In November, Albuquerque voters said yes to raising the city's minimum wage from $7.50 to $8.50 an hour, and just 13 days into the increase, historic city restaurant is already feeling the pinch.Owners of the historic El Charritos restaurant on Central say the hike is taking a bit out of business…Romero says the hike came at the worst possible time for the business with an already sluggish economy, as people cut back on eating out and venders upped their prices for food and fuel.To stay afloat El Charritos is cutting back too. They have slashed hours now closing at 2 p.m. on Mondays and Tuesdays to cut back on operating costs. El Charritos has also chosen not to fill six positions and say things could get worse.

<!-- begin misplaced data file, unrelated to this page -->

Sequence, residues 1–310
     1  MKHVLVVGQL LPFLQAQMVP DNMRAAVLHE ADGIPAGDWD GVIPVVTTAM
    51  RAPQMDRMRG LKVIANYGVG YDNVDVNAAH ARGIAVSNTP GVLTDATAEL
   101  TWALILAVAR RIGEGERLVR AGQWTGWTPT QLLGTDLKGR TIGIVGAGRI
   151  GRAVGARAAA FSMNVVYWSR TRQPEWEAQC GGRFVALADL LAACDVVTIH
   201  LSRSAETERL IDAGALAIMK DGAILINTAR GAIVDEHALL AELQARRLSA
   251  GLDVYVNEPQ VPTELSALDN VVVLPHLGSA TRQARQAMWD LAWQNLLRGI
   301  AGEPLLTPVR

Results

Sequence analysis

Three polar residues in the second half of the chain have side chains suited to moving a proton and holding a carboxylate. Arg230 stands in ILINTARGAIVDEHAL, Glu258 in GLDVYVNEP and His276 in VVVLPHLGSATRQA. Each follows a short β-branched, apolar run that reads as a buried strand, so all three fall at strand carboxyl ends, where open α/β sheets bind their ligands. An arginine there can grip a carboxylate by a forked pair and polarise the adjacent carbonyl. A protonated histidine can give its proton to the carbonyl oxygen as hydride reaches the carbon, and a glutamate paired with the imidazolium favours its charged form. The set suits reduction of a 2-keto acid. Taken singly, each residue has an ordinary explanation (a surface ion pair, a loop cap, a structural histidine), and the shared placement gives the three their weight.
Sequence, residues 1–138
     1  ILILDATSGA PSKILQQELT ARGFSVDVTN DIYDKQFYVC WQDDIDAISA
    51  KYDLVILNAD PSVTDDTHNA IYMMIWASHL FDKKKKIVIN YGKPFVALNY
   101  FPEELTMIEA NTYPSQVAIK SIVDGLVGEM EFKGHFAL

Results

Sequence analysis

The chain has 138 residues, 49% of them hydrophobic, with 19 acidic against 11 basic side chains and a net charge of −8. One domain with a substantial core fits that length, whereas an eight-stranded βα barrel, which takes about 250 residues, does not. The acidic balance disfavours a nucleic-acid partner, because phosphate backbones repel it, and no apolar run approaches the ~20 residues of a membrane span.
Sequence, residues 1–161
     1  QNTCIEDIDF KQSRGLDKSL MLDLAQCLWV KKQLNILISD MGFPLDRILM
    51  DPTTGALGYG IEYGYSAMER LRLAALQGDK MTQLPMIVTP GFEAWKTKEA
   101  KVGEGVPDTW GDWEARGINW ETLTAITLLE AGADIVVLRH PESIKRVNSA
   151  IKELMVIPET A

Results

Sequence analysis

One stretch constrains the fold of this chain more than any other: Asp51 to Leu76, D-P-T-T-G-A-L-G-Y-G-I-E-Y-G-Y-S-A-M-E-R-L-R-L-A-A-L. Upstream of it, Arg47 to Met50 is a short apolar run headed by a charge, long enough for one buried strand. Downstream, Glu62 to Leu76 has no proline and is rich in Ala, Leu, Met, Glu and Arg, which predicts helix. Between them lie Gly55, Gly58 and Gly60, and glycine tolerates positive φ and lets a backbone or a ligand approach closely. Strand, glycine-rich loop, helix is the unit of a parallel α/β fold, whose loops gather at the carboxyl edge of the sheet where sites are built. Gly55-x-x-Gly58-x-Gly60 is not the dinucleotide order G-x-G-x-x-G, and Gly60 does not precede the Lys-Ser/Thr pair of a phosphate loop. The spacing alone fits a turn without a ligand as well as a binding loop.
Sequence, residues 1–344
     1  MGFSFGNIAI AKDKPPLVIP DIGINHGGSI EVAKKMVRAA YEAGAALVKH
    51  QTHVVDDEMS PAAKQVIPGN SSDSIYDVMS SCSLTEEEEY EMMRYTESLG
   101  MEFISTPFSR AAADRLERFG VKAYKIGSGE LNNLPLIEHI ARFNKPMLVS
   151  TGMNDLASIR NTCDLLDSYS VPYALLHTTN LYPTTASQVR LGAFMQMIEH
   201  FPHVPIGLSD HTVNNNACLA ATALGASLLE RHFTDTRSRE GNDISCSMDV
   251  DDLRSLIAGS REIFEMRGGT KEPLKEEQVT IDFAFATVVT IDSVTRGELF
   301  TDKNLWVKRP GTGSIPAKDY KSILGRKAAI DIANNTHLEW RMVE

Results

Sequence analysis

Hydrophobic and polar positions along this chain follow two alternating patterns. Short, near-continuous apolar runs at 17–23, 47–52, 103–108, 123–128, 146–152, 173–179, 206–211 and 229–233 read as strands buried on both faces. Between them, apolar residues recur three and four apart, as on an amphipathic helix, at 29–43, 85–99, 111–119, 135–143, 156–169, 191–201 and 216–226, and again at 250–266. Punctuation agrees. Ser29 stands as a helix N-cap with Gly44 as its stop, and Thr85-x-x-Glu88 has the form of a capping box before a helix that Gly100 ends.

In truth, there is only one way to regard a minimum-wage law: it is compulsory unemployment, period. The law says, it is illegal, and therefore criminal, for anyone to hire anyone else below the level of X dollars an hour. This means, plainly and simply, that a large number of free and voluntary wage contracts are now outlawed and hence that there will be a large amount of unemployment.